By Henrylito D. Tacio
Her son had been telling her that there was this boy who kept bothering him for quite some time already. Because she didn’t want any trouble, she told her son not to mind or fight him. If possible, she asked him to avoid him.
Then, one day, her son went home with his nose bleeding. He had bruises all over his body. She could not believe what she saw. When she asked him who did it to him, he replied that it was the boy whom he had been telling her. And the boy had some companions, all of whom attacked him.
“There shouldn’t be a place for bullies, not in schools,” she wrote in her social media. “It has become a culture of silence when we try to just negotiate to avoid scandal, or the case may end up in court.
“What if they had knives?” she continued. “What if they really intended to hurt or harm him gravely? Worst of all, some parents are even called over-acting when they act on assault or oppression.”
A school is a student’s second home and assumed to be one of the safest places for children. It is supposed to be a place where learners are nurtured and protected.
But in some instances, when bullying is present, a school become a place of torture. “Schools become the settings that expose children to violence, not just from their peers but also from teachers and school personnel,” commented the United Nation Children’s Fund (UNICEF).
Is this really true? I tried to do a little sleuthing on the subject, and I unearthed a 2009 study by Plan International and UNICEF on Violence Against Children in Public Schools in the country. In the said study, it was found that four out of 10 children in Grades 1 to 3 and seven out of 10 in both Grades 4 to 6 and high school had experienced some kind of violence in school.
“Results of the survey show that peers perpetrate most forms of violence experienced by children,” commented Michael Diamond, who was described in the study as the Plan Philippine country director. “Ridicule and teasing by peers are the most common experiences.”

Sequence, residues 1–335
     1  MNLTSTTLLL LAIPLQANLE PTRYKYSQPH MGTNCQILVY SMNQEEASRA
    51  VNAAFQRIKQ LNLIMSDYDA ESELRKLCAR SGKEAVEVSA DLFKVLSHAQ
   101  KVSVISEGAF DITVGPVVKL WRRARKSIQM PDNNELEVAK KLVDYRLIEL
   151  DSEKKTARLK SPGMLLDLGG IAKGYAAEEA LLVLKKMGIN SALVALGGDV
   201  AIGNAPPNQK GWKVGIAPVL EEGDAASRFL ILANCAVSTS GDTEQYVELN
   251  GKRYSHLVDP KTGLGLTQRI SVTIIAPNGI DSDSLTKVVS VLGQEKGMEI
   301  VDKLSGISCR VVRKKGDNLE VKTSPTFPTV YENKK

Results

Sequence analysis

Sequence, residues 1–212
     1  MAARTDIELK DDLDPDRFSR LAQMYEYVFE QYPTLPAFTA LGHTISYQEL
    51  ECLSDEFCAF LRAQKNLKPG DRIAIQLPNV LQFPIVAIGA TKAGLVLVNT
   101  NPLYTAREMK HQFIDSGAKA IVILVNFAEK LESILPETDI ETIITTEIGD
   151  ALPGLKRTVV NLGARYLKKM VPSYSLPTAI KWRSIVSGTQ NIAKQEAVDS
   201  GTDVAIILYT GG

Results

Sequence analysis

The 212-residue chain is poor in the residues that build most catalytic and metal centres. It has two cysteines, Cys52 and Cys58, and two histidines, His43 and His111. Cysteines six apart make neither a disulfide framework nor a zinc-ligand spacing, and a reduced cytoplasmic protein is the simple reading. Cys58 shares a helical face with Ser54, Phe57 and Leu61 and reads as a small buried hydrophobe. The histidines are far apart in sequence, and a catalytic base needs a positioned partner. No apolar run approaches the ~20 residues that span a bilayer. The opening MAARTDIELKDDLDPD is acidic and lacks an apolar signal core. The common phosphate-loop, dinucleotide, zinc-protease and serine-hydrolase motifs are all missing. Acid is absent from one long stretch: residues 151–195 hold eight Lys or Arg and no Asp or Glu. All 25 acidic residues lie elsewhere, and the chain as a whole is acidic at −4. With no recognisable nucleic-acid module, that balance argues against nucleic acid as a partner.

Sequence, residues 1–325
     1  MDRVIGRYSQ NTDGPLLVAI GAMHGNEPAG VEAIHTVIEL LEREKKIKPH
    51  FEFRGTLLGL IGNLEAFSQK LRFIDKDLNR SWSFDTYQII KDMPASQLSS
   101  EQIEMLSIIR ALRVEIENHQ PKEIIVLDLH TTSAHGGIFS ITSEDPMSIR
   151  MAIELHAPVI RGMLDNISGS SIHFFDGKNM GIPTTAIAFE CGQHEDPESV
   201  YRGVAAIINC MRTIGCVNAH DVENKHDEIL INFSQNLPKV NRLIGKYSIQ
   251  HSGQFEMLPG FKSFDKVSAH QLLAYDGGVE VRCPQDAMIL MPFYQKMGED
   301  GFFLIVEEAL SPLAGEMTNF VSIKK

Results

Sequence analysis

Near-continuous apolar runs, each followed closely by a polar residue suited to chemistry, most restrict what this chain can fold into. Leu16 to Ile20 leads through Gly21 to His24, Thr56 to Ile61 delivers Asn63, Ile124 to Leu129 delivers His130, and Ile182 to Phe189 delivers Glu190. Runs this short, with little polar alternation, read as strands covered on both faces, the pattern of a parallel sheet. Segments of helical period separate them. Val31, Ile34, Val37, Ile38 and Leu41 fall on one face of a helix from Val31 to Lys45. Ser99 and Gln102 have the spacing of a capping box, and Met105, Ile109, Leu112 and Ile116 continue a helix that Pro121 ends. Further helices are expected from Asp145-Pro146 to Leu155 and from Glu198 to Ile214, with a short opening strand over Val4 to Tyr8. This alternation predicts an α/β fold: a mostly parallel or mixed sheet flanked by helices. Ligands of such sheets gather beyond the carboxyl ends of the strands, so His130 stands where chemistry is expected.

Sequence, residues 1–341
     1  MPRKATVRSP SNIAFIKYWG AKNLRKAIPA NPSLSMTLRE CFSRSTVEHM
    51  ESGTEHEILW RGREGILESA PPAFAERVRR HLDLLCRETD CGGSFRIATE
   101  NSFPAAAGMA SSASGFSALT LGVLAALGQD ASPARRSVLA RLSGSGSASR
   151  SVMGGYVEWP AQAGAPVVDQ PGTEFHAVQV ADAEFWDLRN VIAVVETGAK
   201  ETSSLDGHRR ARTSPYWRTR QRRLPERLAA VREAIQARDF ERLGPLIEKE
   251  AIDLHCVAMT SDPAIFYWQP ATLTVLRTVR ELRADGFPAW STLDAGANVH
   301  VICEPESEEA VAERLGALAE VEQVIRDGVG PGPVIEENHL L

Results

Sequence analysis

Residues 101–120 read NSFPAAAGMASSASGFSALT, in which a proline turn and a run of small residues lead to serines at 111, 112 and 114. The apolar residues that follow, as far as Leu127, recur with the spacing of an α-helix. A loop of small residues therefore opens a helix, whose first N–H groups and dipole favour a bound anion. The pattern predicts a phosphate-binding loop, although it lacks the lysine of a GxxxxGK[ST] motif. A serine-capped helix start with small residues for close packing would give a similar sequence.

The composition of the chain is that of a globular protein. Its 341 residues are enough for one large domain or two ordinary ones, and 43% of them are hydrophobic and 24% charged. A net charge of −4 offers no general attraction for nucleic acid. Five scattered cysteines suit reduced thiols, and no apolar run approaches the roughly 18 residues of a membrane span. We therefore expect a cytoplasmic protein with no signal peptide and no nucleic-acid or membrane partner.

Unfortunately, parents don’t know that such incidents are taking place. In a Reader’s Digest article, Dr. Richard B. Goldbloom wrote: “Many parents are unaware that it is happening because they never discuss it with their kids and because bullying is often a kind of underground activity that many children won’t report.”
Unlike in the United States and other industrialized countries, violence against children by their peers, in particular bullying, has received little attention in our country. This is possibly due to the perception that bullying and fighting among children is part of school culture. “Away bata” is the common excuse for it – it’s “normal” or “a rite of passage” for children.
If you are a parent, how will you know that your child is being bullied? A book on psychology gives us these manifestations: frightened of going to school and is difficult to wake in the morning; doesn’t want to ride the school bus; begs to be driven to school; becomes withdrawn, anxious, or lacking in confidence; cries him/herself to sleep at night or has nightmares; feels sick in the morning; and comes home with clothes torn or books damaged.
A child is also being bullied if he or she has possessions (like pens or pencils) that end up “missing,”; asks for money or starts stealing money (to pay the bully); comes home starving (money/lunch has been stolen); stops eating; and is frightened to say what’s wrong.
A major red flag is when he or she attempts or threatens suicide or runs away from home.
“Bullying is a symptom of a deeper problem,” observed Senator Juan Edgardo “Sonny” Angara when he was still alive. “It should never be tolerated. Quality education and a safe and positive learning environment go hand in hand.”
During the time of President Benigno S. Aquino III, Republic Act 10627 or The Anti-Bullying Act of 2013, was signed. The law seeks to address a hostile environment at school that disrupts the education process which, in turn, is not conducive to the total development of a child at school.
The law requires elementary and secondary schools to adopt policies to prevent and address bullying. All those found to be engaged in the act of bullying – regardless of age and discernment – have to comply with civil liabilities, including a penalty that ranges from P50,000 to P100,000.
But despite this law, bullying continues unabated. Dr. Honey Carandang, a noted Filipino psychologist and author, has often expressed her disappointment over the seeming lack of concern that school authorities have shown towards bullying incidents that take place right under their noses.
“It’s really sad how, instead of being helped, the bullied child is sometimes even blamed for the bullying that has taken place,” Dr. Carandang deplored, adding that there should be more programs put in place to further educate teachers and administrators about the dangers of bullying and to teach them to be more sensitive.
“There are three persons who need to be helped and empowered here – the bully, the bullied, and the bystander,” Dr. Carandang. She further said that everyone needs to be part of the solution and that if a teacher or student is in a class or is a witness to a bullying incident elsewhere on campus and does nothing, then that person is as much a part of the problem as the bully.